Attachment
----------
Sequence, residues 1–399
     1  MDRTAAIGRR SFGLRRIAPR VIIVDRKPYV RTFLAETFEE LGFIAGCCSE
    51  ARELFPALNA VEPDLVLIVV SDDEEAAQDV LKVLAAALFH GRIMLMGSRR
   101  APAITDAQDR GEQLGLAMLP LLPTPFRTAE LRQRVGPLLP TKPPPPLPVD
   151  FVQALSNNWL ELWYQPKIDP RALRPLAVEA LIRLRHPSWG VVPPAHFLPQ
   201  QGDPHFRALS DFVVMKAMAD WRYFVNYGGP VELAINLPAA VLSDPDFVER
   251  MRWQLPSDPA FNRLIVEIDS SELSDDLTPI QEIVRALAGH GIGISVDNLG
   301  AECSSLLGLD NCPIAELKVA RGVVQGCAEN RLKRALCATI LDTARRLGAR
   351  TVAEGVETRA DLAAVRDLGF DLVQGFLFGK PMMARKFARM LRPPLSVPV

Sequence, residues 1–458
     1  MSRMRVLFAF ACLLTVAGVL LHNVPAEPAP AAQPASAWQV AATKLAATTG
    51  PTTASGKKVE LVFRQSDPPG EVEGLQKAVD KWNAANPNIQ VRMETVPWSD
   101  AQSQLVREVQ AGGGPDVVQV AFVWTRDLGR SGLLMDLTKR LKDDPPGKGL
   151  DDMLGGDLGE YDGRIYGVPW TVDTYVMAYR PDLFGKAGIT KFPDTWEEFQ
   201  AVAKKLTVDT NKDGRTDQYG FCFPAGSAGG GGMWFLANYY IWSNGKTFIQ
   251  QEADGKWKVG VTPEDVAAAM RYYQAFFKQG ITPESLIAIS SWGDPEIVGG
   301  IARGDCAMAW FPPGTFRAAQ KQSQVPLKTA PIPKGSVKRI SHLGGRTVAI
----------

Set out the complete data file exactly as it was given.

Sequence, residues 1–399
     1  MDRTAAIGRR SFGLRRIAPR VIIVDRKPYV RTFLAETFEE LGFIAGCCSE
    51  ARELFPALNA VEPDLVLIVV SDDEEAAQDV LKVLAAALFH GRIMLMGSRR
   101  APAITDAQDR GEQLGLAMLP LLPTPFRTAE LRQRVGPLLP TKPPPPLPVD
   151  FVQALSNNWL ELWYQPKIDP RALRPLAVEA LIRLRHPSWG VVPPAHFLPQ
   201  QGDPHFRALS DFVVMKAMAD WRYFVNYGGP VELAINLPAA VLSDPDFVER
   251  MRWQLPSDPA FNRLIVEIDS SELSDDLTPI QEIVRALAGH GIGISVDNLG
   301  AECSSLLGLD NCPIAELKVA RGVVQGCAEN RLKRALCATI LDTARRLGAR
   351  TVAEGVETRA DLAAVRDLGF DLVQGFLFGK PMMARKFARM LRPPLSVPV

Sequence, residues 1–458
     1  MSRMRVLFAF ACLLTVAGVL LHNVPAEPAP AAQPASAWQV AATKLAATTG
    51  PTTASGKKVE LVFRQSDPPG EVEGLQKAVD KWNAANPNIQ VRMETVPWSD
   101  AQSQLVREVQ AGGGPDVVQV AFVWTRDLGR SGLLMDLTKR LKDDPPGKGL
   151  DDMLGGDLGE YDGRIYGVPW TVDTYVMAYR PDLFGKAGIT KFPDTWEEFQ
   201  AVAKKLTVDT NKDGRTDQYG FCFPAGSAGG GGMWFLANYY IWSNGKTFIQ
   251  QEADGKWKVG VTPEDVAAAM RYYQAFFKQG ITPESLIAIS SWGDPEIVGG
   301  IARGDCAMAW FPPGTFRAAQ KQSQVPLKTA PIPKGSVKRI SHLGGRTVAI